In a report that underscores the difference between the government and the private sector in retirement benefits, a study has found that only about two-thirds of private sector employees have access to a retirement savings plan through their employer and that only about half of private sector employees participate in such a plan by making personal investments.

The report from the Center for Retirement Research added that even of those who have a 401(k) type plan, fewer make investments than federal employees do through the TSP. In the TSP, about two-thirds of CSRS employees make personal investments even though they do not receive matching government contributions for doing so. Among FERS employees, all but about 10 percent invest personally.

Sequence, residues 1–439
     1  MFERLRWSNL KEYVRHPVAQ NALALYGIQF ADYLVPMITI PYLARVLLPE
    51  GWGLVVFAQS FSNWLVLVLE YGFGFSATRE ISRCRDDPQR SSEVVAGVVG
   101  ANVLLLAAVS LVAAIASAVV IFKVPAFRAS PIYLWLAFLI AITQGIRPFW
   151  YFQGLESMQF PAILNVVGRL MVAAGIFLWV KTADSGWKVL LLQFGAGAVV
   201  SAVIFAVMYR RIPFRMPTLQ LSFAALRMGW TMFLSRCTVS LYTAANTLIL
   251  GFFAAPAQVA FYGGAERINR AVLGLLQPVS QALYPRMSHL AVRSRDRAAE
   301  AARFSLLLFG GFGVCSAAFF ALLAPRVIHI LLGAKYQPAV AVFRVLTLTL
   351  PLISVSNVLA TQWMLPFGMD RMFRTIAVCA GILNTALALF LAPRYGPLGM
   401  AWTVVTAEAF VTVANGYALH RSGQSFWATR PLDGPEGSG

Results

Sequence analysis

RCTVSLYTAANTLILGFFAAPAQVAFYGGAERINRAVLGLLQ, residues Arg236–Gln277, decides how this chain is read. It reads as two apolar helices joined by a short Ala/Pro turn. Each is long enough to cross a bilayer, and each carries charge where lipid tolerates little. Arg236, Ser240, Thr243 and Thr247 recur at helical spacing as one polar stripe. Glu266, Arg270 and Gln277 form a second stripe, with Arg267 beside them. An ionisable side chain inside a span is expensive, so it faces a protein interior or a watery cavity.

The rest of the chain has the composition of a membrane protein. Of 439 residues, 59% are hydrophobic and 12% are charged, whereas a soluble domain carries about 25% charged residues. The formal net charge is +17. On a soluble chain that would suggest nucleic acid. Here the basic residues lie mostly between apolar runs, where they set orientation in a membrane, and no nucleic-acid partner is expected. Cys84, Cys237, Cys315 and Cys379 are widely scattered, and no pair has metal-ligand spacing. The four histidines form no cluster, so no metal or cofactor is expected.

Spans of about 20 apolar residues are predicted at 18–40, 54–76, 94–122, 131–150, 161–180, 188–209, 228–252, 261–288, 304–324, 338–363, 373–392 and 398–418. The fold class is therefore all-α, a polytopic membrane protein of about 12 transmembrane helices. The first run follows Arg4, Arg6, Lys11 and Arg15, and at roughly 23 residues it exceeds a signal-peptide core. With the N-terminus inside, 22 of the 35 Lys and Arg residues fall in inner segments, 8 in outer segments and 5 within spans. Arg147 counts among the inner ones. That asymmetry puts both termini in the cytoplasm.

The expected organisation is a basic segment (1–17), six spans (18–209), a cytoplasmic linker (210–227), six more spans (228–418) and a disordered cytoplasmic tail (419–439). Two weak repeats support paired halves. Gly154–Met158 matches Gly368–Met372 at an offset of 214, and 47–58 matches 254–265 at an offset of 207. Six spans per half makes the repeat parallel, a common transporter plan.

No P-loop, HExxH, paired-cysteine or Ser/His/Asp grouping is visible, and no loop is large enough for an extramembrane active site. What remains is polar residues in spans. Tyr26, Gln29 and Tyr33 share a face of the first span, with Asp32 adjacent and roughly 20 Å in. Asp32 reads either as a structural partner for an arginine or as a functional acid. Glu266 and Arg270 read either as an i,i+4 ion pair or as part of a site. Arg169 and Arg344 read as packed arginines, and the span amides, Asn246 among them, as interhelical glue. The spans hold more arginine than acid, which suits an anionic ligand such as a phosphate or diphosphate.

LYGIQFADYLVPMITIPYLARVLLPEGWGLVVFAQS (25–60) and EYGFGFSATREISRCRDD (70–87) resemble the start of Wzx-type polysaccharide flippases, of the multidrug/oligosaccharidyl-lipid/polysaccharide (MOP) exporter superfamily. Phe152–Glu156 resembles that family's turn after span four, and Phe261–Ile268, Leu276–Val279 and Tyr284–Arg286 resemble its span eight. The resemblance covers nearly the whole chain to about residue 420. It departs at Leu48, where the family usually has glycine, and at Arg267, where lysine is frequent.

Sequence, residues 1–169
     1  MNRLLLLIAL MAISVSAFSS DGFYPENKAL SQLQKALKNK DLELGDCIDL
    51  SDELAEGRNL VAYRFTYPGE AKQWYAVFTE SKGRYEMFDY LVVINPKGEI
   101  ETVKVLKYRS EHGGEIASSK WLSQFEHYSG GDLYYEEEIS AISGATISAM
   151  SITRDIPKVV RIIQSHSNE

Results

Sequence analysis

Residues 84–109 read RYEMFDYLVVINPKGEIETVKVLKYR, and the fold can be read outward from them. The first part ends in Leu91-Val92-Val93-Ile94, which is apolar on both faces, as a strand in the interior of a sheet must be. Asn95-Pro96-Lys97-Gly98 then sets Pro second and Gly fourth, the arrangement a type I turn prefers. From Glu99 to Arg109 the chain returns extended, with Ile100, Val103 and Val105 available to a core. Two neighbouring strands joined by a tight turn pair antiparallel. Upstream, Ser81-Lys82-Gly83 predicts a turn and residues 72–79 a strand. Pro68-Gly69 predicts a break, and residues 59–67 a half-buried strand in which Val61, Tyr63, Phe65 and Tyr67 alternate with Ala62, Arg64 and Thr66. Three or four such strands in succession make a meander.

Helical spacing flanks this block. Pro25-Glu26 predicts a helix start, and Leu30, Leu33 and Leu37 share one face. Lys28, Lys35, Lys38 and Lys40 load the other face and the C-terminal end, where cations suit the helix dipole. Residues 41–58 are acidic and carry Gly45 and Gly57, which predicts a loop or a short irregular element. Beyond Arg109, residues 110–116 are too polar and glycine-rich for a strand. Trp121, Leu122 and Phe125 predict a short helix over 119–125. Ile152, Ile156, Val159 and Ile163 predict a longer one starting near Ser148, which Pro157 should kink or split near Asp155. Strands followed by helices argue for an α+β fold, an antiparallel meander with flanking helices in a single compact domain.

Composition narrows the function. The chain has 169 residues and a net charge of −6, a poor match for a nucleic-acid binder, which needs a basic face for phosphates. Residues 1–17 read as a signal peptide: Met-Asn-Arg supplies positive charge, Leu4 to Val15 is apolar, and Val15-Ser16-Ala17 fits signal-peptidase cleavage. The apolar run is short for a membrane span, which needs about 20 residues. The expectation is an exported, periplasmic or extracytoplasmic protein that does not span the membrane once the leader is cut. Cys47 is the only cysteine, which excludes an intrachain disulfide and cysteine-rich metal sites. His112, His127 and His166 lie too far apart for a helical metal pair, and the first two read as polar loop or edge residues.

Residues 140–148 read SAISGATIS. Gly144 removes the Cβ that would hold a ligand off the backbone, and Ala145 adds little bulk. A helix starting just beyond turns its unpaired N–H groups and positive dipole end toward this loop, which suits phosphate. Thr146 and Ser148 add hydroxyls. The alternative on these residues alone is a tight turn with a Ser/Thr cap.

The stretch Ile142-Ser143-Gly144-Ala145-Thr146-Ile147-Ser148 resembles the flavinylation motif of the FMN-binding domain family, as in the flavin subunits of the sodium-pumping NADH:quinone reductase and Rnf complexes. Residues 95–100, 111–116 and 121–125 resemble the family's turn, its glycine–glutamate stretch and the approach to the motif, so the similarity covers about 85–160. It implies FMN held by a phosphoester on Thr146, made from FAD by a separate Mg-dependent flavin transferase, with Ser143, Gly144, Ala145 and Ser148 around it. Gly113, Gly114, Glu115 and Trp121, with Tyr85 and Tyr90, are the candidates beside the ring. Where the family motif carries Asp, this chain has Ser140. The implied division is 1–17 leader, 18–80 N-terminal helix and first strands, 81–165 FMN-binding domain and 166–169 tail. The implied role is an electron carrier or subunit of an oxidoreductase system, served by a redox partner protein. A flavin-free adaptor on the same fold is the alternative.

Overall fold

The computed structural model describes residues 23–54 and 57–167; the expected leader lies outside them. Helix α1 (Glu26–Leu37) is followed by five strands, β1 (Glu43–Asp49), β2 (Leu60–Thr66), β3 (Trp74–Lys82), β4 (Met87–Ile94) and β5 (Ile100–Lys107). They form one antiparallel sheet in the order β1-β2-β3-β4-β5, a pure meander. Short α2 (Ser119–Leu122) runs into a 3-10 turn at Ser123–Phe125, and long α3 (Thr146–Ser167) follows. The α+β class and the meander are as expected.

The study examined data from several sources that show varying percentages of both eligibility and participation and noted that state and local government employees, like federal employees, are covered by defined benefit plans with few exceptions.

It concluded: “In the end, it is prob¬ably reasonable to say that about 50 percent of private sector workers participate in a retirement plan. Of course, a higher percentage will pick up coverage sometime over their worklife. But those workers who move in and out of coverage end up with inadequate retirement balances, and roughly one-third of house¬holds reach their sixties with no retirement plan at all.”